- Facebook said Thursday that it had removed an advertisement paid for by the Trump campaign because it goes against their policy against “organized hate.”
- The ad features an image of an upside-down red triangle, a symbol apparently used by Nazis to designate political prisoners in concentration camps.
- The ad in question asks Facebook users to sign a petition in support of Trump’s announcement earlier this month that he planned to designate antifa a terrorist organization.
- Visit Business Insider’s homepage for more stories.
Facebook took down ads from the Trump campaign on Thursday for violating its policies against “organized hate.”
The ads encouraged supporters to back Trump on his call to declare antifa, a decentralized movement of far-left anti-fascism activists, a terrorist organization. The ads feature a photo of an upside-down red triangle, a symbol activists say Nazis once used to mark political prisoners in concentration camps.
Facebook’s ad library shows that the ads, paid for by the Trump campaign’s fundraising committee, first started running on the platform on Wednesday. The ads blamed “Dangerous MOBS of far-left groups” for “DESTROYING our cities and rioting” and featured a link to a petition for people to show their backing of Trump. Two other ads — which use the same wording but don’t include the photo of the red triangle — remain active on Facebook.
“We removed these posts and ads for violating our policy against organized hate,” Facebook said in a statement to Business Insider. “Our policy prohibits using a banned hate group’s symbol to identify political prisoners without the context that condemns or discusses the symbol.”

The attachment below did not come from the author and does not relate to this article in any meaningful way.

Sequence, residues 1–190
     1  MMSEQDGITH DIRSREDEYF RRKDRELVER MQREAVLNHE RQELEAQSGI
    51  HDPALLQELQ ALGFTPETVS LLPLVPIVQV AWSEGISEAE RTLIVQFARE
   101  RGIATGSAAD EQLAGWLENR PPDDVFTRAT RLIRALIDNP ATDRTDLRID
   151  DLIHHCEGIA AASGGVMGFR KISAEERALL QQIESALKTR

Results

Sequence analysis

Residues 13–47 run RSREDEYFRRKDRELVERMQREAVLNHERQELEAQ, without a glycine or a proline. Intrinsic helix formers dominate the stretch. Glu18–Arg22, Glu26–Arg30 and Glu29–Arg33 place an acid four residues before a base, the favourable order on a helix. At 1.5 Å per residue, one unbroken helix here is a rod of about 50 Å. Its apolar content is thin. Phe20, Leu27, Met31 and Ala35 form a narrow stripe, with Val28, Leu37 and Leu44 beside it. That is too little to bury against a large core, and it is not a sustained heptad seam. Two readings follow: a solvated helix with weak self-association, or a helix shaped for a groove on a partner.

Shortly after the ad in question went live on Facebook, Jewish advocacy groups criticized the ad’s use of an inverted red triangle. The CEO of the Anti-Defamation League wrote on Twitter that during World War II, Nazis used this symbol to indicate which people were political prisoners in concentration camps.
A Twitter account for the Trump campaign defended its use, writing on Twitter that the symbol “is widely used by Antifa” and does not appear in ADL’s Hate Symbols Database.
Trump announced earlier this month he planned to designate antifa a terrorist organization. Though several Republican lawmakers have blamed antifa for rioting and violence against police officers during Black Lives Matter protests in recent weeks, the FBI has “no intelligence” indicating any involvement of the loosely organized group, according to The Nation.
Facebook’s action against Trump’s ad comes amid a battle between the president and social platforms. Twitter first took unprecedented action against Trump’s account last month when it fact-checked two of his tweets containing false claims about voting by mail. The move almost immediately prompted Trump to issue an executive order targeting Section 230, a statute that allows social-media companies to regulate the content on their platforms and protects them from being liable for what users post.
Days later, Twitter slapped a warning label on a Trump post — containing the words “when the looting starts, the shooting starts” — for “glorifying violence” against police-brutality protesters. However, Facebook refused to take action on the post, a decision employees revolted against and protested by staging a virtual walkout. CEO Mark Zuckerberg has consistently defended Facebook’s decision to keep Trump’s controversial posts, citing free speech.
Nonetheless, this isn’t the first time Facebook has removed ads from the Trump campaign. In March, Facebook announced some of Trump’s ads violated policies put in place to “prevent confusion around the official US census.”
Earlier this week, Facebook announced it would allow users to turn off political ads.
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